Maximum Enrollment: 24 participants. Class Time: 8 hours

4. Economic Stress

Numerous factors may lead to employees experiencing economic stress, either from being laid-off, being underemployed, or feeling that their job is insecure among so many more.
According to the International Labor Organization (ILO), these factors may be summarized into four categories: Economic Factors, Organizational Change Characteristics, Employee Characteristics, and Employment Characteristics.
Any one of these factors can cause employees to experience economic stress. Because any wage earner may become unemployed, underemployed, or experience job insecurity, the consequences of economic stress can affect all of us. Additionally, employees do not experience the effects of economic stress in isolation from other people – co-workers, family members, and communities may be affected.

Course Description: This class examines the multitude of factors that impact an employee’s well-being and quality of life in work environments undergoing economic uncertainty or disruption. Because job stress and economic stress are interrelated, **this class is suggested in addition to the stress class.
Participants will discuss the impact of economic stress on their lives through group discussion, interactive exercises, dialogic discovery and exploration of the psychological and physical effects of this stress. Dr. Leslie will draw upon the vast experience of adults in class to formulate cause/effect strategies to overcome the effects of economic stress on employees.
Maximum Enrollment: 24 participants. Class Time: 4 – 8 hours

Quality of Life / Wellness Programs

The following HIC On-Site Classes may be scheduled as class packages or individually. *Each 4 hour class has a maximum of 10 participants.
HIC On-Site Classes include interactive learning modules conducted in an environment that values human dignity, quality of life, and psychosocial wellness strategies that encourage the involvement of all class participants.

1). Nutrition and work
2). Physical activity for health
3). Healthy sleep
4). Therapeutic yoga *(each session scheduled for 2 hours)

All classes taught by HIC are overseen by Dr. James Leslie who is a certified *United Nations ILO (International Labor Organization) SOLVE Safe Work Program coordinator and instructor and he chooses to utilize an ecological model refined as described here:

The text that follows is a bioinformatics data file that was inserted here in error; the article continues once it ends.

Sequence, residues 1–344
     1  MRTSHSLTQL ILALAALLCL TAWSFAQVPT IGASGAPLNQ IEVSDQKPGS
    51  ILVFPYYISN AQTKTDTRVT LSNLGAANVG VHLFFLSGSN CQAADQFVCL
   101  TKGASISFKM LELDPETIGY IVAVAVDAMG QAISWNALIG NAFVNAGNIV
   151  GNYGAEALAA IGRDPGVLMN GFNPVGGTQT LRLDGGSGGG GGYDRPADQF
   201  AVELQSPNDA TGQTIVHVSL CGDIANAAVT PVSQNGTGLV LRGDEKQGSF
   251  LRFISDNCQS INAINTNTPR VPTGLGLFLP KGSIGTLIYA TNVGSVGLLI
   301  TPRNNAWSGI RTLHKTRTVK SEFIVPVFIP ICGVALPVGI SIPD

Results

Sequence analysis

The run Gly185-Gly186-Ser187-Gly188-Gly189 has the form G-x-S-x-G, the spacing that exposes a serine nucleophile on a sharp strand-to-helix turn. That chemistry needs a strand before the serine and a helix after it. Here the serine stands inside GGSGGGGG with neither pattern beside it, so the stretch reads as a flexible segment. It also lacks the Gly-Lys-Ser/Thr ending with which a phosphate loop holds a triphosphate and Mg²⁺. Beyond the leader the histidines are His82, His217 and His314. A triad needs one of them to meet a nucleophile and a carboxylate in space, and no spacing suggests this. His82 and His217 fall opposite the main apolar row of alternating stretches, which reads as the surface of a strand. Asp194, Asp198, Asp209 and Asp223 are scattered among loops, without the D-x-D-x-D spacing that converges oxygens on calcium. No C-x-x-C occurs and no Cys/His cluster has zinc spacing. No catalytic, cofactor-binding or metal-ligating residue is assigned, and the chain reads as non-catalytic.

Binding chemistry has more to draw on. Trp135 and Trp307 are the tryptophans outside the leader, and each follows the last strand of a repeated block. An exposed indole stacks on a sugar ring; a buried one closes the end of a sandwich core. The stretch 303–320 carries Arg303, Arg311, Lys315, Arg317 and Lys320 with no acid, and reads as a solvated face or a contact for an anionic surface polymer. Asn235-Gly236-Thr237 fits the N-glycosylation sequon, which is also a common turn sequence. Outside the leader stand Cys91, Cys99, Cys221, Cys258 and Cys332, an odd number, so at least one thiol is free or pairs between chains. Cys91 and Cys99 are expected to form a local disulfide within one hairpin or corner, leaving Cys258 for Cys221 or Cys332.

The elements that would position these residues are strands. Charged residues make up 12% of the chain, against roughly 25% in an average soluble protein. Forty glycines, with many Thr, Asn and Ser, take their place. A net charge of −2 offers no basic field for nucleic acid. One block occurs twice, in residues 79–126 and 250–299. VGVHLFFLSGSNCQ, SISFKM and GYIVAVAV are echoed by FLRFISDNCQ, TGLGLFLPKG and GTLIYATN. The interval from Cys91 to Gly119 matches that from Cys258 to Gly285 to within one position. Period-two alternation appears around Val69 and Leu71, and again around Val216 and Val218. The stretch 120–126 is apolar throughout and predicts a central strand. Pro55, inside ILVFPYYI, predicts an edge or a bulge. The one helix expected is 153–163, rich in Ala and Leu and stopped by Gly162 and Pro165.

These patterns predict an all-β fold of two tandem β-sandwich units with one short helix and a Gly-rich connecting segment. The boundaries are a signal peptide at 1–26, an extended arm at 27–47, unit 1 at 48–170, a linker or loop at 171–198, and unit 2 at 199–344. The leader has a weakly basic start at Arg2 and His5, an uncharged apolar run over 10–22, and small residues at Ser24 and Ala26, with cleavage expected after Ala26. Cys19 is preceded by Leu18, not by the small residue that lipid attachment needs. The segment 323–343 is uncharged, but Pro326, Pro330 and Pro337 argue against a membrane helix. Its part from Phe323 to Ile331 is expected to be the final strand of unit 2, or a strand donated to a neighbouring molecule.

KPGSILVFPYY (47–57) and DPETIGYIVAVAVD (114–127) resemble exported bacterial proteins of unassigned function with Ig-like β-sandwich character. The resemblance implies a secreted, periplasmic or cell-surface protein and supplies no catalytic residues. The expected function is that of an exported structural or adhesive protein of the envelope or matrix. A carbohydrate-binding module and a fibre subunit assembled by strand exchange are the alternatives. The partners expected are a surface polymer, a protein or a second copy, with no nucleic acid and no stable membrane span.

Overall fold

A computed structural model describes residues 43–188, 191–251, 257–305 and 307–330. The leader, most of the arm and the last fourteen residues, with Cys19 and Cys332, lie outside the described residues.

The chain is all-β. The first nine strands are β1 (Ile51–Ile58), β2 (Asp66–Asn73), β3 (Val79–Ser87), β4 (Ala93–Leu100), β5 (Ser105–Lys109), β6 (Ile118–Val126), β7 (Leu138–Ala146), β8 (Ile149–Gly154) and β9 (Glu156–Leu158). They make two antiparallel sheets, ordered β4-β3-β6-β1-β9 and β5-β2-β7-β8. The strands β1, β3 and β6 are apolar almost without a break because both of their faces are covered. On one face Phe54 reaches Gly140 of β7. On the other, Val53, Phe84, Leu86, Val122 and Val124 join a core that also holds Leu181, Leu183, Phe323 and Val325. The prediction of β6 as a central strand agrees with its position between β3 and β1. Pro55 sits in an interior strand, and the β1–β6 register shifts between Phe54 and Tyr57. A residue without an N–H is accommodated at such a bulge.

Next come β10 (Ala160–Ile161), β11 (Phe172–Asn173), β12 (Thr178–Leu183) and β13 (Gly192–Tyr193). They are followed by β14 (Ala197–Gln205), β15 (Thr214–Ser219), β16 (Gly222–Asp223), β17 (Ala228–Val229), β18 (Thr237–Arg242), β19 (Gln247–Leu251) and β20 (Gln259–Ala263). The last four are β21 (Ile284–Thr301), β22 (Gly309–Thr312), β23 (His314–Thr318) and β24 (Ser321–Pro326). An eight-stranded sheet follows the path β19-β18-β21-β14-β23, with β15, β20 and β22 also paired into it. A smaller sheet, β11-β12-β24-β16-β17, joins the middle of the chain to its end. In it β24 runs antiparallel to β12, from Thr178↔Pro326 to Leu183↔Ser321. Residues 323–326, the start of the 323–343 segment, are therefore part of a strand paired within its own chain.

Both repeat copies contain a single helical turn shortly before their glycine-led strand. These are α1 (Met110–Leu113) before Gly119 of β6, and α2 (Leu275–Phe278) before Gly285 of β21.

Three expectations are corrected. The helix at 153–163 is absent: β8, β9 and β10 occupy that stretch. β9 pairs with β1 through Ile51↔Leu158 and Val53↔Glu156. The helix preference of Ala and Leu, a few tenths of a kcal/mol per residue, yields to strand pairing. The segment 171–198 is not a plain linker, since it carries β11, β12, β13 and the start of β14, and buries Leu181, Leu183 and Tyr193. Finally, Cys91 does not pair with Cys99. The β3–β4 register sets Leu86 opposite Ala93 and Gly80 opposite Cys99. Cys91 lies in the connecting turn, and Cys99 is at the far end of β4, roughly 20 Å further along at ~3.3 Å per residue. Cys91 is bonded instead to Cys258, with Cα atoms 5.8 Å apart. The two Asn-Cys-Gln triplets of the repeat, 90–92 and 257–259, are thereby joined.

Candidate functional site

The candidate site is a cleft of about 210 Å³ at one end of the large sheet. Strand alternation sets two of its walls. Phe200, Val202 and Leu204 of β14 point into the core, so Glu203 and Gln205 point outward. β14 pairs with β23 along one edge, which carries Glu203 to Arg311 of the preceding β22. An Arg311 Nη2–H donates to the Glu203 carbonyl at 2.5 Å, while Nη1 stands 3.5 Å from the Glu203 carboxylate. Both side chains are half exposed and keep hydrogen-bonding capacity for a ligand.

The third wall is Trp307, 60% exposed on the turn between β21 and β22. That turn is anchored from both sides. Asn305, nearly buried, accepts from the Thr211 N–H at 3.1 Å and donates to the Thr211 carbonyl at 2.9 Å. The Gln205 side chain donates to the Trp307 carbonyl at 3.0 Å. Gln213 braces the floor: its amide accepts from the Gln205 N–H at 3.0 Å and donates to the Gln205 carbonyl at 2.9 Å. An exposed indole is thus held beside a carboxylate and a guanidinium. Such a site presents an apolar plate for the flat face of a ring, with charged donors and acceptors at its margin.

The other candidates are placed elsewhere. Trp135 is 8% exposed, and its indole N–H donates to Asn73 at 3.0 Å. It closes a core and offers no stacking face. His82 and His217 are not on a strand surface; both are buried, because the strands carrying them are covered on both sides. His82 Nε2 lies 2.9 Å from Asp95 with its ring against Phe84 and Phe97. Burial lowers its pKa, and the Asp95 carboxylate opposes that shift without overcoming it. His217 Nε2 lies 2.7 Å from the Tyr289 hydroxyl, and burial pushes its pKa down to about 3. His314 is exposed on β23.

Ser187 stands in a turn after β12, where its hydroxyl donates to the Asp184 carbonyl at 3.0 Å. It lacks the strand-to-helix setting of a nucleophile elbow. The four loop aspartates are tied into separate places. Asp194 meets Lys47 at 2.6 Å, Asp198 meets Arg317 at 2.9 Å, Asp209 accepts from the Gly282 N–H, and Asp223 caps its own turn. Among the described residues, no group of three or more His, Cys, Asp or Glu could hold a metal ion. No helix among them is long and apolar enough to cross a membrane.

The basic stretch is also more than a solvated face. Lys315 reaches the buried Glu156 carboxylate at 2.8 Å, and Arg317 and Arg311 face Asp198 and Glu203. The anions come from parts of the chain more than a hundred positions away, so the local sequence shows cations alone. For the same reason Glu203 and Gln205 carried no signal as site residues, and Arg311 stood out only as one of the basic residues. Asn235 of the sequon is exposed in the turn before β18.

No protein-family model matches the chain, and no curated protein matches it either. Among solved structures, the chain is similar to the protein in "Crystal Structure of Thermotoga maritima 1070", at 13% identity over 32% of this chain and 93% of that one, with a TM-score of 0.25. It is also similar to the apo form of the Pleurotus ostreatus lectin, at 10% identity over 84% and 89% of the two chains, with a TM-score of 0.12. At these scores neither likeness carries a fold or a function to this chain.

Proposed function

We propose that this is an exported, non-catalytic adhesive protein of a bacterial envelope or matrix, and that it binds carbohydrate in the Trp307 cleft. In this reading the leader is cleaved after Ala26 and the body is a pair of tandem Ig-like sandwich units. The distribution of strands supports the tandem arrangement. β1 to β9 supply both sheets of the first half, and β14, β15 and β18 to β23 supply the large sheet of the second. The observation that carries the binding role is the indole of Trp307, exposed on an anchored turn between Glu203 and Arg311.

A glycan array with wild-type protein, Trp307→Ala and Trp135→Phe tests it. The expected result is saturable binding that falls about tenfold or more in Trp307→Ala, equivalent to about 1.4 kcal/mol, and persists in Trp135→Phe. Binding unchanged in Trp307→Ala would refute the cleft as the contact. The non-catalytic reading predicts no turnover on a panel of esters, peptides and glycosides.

The Ecological Model

The ecological model acknowledges that there are many factors which influence health outcomes, for example, whether and how much an individual smokes; or how they organize their diet, or how apparently similar stressful events lead to radically different consequences for different people. Human behavior is determined by a “reciprocal causation” between many areas of life; for example, what the individual does has an impact on the environment, but also the environment impacts the individual in a series of complex interactions.

Intrapersonal Factors – individual characteristics within the person which are modifiable, such as knowledge, attitudes, skills, or actions which may or may not correspond to social expectations.

Interpersonal Relationships – relationships with family, friends, neighbors, co-workers and acquaintances, which can greatly influence how people behave with regards to the health. These relationships link the person with their family, their social environment, their work, and the community they live in.

Organizational Factors – organizations, such as work, professional or neighborhood groups, school, or religious groups may have positive or negative effects on health. They can act as a source of unhelpful role models and false information about health, but they can also function as resources that support health promotion and help individuals make healthy choices. For long-term changes in the behavior of individuals, the support of the workplace is essential.

Community Factors – these play a key role in defining and prioritizing health problems which need to be addressed, and in organizing the power and resources available to do so. This happens between more informal actors such as family and informal/social networks, as well as between formal organizations working in the area. It is vital that these community agencies coordinate their actions and build on each other’s strengths to achieve the most effective interventions for health.

Public Policy – meaning regulatory policies, procedures, and laws (whether at national, state or local levels) which help protect the health of communities.
Figure 1: The ecological model (Adaptation from McLeroy et al., 1988 and ILO/SOLVE texts.)